The Defense Ministry announced the launch of a reconnaissance satellite into space early Monday.
“The Defense Ministry and Israel Aerospace Industries successfully launched… the reconnaissance satellite ‘Ofek 16’ into space,” the ministry said in a statement.
It said the launch occurred at 4 a.m. using a Shavit launch vehicle that took off from an unidentified site in central Israel.
The ministry described Ofek 16 as an “optoelectronic reconnaissance satellite with advanced capabilities,” without further elaborating. It said the satellite would undergo a series of tests after entering orbit.
Defense Minister Benny Gantz later touted the launch as a “great achievement” for Israel.
“The State of Israel’s technological and intelligence superiority is the cornerstone of its security,” he wrote on Twitter. “We’ll continue to strengthen and fortify Israel’s strength on every front and every place.”
It was the first launch of an Israeli satellite into space since Spacecom’s Amos-17 was put into orbit last year on a SpaceX rocket that blasted off from Florida.
Israel launched its first satellite, the Ofek 1, into space in 1988, footage of which was released by the Defense Ministry in 2018.
It was not until seven years later, in 1995, that Israel launched a reconnaissance satellite into space capable of photographing the Earth.
Original: TOI Staff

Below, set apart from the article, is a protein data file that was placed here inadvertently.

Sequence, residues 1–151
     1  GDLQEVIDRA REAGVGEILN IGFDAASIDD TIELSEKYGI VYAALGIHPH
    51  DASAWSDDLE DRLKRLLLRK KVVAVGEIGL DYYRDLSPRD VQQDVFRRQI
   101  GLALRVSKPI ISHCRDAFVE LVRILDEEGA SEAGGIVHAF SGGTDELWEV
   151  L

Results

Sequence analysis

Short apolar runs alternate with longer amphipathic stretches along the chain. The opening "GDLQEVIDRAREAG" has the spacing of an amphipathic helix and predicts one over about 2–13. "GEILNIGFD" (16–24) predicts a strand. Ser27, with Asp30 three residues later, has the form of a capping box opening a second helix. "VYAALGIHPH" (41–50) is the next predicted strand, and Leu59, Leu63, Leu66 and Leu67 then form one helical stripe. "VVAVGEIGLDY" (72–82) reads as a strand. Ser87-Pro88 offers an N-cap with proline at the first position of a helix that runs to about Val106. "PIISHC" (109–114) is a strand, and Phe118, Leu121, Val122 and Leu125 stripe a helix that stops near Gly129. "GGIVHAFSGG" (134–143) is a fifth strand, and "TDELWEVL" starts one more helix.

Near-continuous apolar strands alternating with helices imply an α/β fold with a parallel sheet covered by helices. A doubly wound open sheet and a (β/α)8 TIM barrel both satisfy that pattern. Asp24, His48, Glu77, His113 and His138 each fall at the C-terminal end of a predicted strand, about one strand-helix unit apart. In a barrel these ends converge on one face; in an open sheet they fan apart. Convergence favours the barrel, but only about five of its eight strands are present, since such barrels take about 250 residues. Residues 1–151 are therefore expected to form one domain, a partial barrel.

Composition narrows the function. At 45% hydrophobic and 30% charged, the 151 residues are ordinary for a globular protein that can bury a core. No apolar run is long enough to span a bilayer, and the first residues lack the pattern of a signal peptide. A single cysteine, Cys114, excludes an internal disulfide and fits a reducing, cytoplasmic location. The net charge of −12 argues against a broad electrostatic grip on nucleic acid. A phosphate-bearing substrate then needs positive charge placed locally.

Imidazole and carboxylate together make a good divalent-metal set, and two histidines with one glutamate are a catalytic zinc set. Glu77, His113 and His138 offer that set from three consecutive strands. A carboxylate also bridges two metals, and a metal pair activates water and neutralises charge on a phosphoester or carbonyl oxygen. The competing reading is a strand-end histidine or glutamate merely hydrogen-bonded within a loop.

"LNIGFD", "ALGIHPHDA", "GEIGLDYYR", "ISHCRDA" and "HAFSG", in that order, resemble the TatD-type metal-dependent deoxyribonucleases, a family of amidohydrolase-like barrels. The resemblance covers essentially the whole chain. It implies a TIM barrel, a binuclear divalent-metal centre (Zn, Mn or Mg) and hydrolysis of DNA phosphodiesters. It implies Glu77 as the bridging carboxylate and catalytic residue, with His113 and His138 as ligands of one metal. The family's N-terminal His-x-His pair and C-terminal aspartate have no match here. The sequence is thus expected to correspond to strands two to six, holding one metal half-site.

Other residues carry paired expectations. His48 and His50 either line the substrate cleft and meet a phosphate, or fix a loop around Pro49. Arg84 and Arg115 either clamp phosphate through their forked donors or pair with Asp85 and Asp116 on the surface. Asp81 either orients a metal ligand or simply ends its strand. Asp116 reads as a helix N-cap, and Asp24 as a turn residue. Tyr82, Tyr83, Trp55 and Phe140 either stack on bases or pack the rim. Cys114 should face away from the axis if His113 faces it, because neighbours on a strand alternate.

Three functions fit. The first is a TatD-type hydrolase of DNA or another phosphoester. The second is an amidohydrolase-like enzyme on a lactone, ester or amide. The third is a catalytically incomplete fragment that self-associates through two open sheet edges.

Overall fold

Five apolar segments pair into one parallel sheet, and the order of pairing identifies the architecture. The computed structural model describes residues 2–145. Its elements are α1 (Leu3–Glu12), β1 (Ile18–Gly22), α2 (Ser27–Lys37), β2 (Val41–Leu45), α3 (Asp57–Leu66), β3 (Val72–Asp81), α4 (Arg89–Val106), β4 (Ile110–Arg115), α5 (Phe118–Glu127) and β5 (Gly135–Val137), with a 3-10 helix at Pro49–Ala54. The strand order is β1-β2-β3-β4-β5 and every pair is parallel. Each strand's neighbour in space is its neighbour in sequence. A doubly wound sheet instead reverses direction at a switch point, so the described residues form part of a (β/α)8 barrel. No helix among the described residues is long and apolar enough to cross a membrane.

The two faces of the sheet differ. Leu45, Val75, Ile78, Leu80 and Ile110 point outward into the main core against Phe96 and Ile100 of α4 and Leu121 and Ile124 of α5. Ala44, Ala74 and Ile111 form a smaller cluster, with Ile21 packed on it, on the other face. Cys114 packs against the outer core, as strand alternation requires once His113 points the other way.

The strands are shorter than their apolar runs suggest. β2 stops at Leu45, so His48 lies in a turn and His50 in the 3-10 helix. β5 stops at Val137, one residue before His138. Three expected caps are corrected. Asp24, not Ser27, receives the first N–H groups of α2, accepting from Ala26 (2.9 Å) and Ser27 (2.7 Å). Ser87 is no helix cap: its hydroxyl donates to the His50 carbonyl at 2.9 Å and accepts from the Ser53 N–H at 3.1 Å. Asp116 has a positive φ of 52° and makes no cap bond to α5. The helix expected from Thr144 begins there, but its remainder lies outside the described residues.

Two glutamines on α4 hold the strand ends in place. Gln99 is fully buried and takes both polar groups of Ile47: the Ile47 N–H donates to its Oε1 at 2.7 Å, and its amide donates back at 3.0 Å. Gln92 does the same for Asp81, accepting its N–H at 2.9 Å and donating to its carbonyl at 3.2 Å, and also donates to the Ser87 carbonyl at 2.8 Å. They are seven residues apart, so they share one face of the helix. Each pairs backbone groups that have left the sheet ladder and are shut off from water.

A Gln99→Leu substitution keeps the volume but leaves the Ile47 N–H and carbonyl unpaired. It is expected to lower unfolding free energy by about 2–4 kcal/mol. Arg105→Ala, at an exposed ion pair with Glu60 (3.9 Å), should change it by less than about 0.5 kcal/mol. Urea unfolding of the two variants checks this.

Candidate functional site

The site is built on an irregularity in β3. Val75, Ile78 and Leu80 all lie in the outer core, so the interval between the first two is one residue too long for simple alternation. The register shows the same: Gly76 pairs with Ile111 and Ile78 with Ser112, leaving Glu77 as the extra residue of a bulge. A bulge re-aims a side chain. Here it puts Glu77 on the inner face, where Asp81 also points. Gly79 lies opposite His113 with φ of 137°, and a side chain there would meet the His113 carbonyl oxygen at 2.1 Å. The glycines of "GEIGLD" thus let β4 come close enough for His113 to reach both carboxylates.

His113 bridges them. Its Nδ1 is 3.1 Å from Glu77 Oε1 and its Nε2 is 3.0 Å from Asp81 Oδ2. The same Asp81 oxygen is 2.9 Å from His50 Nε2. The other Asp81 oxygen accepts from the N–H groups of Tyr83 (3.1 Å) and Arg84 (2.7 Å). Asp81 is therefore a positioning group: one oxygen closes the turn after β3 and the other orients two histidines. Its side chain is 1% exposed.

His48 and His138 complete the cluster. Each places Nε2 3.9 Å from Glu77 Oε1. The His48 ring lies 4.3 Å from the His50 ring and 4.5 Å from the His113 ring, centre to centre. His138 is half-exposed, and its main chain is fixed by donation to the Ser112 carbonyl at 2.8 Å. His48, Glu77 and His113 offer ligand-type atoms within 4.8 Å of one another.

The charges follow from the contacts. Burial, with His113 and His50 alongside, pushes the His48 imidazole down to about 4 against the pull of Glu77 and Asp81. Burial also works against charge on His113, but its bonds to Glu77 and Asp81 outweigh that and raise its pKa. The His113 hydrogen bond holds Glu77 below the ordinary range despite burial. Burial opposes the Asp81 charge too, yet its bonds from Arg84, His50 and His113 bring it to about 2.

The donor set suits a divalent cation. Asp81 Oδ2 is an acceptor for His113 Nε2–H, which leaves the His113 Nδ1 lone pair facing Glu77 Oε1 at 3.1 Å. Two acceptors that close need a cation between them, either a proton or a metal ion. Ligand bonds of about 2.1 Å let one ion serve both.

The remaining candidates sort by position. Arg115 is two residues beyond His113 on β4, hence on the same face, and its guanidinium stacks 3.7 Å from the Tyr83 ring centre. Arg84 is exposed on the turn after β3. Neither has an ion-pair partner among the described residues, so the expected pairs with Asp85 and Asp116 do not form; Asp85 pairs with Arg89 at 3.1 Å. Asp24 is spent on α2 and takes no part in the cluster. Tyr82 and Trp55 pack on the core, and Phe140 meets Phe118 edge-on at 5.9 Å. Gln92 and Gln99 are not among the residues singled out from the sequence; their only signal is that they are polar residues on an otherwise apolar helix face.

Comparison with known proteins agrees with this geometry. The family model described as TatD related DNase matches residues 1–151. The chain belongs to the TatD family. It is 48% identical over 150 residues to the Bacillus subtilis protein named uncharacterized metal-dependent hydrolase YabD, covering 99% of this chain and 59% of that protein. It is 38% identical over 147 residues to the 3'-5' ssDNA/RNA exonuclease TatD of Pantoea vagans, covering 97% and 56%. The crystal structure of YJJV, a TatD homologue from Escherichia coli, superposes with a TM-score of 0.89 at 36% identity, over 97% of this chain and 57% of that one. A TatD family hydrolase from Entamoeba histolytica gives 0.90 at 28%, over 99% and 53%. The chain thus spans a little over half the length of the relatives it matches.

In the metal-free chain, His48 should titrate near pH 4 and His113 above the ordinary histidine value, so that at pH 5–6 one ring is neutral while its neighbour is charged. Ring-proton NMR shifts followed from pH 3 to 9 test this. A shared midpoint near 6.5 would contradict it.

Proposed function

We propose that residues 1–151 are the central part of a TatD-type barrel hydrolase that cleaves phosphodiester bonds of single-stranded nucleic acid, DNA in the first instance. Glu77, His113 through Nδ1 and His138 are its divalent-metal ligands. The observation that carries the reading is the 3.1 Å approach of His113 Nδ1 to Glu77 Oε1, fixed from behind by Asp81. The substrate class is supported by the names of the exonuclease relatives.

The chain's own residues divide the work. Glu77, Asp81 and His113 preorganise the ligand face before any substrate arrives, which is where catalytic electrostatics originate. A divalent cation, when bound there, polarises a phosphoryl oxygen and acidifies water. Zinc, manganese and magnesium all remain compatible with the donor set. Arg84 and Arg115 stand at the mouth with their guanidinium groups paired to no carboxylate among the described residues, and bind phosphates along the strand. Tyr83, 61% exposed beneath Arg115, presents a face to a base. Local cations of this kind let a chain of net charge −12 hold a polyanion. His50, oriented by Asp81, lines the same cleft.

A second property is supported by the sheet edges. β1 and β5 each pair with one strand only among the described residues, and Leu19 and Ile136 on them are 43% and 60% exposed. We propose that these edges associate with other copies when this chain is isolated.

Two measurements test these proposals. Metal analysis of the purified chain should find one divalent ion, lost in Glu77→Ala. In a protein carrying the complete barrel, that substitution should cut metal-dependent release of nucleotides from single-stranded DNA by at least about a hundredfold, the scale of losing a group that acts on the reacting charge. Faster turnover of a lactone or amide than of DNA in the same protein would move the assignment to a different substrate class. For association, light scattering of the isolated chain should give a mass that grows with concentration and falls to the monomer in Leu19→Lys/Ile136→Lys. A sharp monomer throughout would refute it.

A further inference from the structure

The Space Administration in IMoD has led the development and production of the satellite and its launcher. IAI is the prime contractor, having assigned the program to its Systems, Missiles and Space Group together with the MLM Division, which is responsible for the development of the launcher. Elbit Systems is responsible for the development and production of the satellite’s advanced camera and payload. The launch engines were developed by Rafael Advanced Defense Systems and Tomer, a government-owned company. Additional companies have participated in the program, including Rokar and Cielo.
The Director of Security for the Defense Establishment oversaw the security arrangements of the program. Lastly, various IDF officials, primarily from the Intelligence Corps and Air Force have also been deeply involved in the satellite development process. Once the satellite is deemed fully operational, the Ministry of Defense will deliver responsibilities to the IDF’s ‘9900’ Intelligence Unit.